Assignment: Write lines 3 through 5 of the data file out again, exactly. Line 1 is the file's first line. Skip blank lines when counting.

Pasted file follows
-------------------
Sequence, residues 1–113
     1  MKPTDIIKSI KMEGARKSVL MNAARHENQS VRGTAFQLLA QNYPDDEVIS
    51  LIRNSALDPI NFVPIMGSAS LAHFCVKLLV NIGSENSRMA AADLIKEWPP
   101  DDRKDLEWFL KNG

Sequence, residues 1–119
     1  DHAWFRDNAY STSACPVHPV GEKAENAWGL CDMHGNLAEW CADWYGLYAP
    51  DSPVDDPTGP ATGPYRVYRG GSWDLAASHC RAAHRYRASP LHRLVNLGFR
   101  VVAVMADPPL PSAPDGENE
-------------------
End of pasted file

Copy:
    51  LIRNSALDPI NFVPIMGSAS LAHFCVKLLV NIGSENSRMA AADLIKEWPP
   101  DDRKDLEWFL KNG

Sequence, residues 1–119